Whatever Happened to the Games We Loved?

I have murdered countless innocents, even children. Armies have bowed before me. I have sown genocide across worlds. Worst of all, my atrocities entertained me. Growing up, I would play video games for hours at a time, living out my crazy power fantasies.

But as the years have gone by, video games no longer enrapture me. Super Smash Bros. is the clearest example of this. While Brawl was an all-around disappointment, the recent 3DS and Wii U versions feel like Melee, one of my favorite games of all time.

But it is not Melee, and nothing ever will be. On Christmas Day 2001, I opened up a brand new GameCube and a copy of that game. I would play it with friends every afternoon during sixth grade. We heard unbelievable rumors around school about unlockable characters like Mewtwo and Ganondorf. Each of us would brag about how we were the best, and the only way to settle the debate was by throwing down on Final Destination with no items.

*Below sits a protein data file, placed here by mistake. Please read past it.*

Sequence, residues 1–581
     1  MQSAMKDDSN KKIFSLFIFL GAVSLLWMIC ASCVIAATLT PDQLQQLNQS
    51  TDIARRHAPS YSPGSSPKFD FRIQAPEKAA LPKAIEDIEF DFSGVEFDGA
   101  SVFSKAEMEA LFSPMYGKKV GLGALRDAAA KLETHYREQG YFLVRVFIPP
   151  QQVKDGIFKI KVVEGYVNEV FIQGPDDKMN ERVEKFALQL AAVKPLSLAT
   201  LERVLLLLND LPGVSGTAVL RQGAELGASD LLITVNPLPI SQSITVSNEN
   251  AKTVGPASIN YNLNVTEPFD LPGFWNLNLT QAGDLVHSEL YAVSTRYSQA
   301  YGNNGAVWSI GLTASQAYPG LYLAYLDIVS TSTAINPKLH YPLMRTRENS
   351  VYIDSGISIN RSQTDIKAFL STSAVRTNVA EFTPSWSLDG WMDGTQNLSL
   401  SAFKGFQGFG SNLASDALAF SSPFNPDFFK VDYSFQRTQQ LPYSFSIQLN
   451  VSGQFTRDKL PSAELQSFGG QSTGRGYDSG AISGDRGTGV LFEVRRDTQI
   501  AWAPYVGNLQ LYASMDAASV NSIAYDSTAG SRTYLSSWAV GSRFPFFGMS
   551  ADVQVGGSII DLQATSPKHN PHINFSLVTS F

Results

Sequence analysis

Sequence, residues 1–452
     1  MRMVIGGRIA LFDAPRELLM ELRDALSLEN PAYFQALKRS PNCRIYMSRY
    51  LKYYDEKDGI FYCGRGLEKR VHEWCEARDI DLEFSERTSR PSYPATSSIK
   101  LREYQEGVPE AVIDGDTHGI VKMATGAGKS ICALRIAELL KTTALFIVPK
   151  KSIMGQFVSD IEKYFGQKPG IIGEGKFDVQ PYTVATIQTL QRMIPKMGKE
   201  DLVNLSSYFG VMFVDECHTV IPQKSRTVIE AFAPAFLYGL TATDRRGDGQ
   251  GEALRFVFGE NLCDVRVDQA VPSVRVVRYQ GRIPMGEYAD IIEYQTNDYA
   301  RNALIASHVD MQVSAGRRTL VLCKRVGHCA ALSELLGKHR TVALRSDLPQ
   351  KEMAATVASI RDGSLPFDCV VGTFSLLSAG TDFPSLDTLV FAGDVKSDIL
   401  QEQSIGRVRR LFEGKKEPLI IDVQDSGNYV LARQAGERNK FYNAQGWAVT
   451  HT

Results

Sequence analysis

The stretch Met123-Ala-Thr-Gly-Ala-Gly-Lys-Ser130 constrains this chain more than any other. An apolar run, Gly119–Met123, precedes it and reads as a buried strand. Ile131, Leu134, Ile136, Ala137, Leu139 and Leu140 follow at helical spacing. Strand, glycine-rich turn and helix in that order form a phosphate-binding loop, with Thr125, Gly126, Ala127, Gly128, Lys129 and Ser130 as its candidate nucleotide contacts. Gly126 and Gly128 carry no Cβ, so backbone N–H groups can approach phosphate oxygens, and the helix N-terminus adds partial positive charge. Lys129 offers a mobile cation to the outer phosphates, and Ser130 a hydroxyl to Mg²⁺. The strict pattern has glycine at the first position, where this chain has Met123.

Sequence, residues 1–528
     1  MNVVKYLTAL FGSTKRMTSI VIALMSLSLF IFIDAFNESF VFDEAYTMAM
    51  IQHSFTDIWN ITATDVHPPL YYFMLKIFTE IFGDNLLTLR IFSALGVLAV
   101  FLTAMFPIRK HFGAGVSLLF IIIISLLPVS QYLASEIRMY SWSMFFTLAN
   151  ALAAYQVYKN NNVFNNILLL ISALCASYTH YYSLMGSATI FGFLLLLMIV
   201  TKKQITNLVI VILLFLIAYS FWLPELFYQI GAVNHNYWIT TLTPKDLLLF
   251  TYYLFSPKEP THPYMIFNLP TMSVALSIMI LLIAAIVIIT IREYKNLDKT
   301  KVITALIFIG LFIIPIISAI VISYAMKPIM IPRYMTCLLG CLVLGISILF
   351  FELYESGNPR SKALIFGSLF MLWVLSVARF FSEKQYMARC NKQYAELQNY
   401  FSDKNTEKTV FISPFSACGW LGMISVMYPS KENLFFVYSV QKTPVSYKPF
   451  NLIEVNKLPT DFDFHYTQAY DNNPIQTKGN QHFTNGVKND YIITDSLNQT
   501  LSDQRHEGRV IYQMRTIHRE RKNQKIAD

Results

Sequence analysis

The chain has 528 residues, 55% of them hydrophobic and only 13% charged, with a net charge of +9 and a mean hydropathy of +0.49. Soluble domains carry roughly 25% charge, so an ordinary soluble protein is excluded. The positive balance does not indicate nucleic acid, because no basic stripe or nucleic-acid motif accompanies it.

Continue reading Whatever Happened to the Games We Loved?

The Legend of Zelda: A Guide to Being Good

Kids are assholes. I committed so many terrible acts as a kid. When I was six, I stole a bunch of random objects from around the house and hid them in my closet. When I was eight, my friends and I bullied the same two classmates every recess. When I was ten, I wrote a fake note from my friend’s crush in order to humiliate him.

Why did I do those cruel things? Because I could. Because it made me feel powerful. Because I had no empathy for other people.

Eventually, I grew up from an immoral child into a somewhat decent adult. I credit a lot of my moral development to The Legend of Zelda series, in particular Ocarina of Time and Majora’s Mask. Taken together, they showcase the development of ethics in a young boy. Continue reading The Legend of Zelda: A Guide to Being Good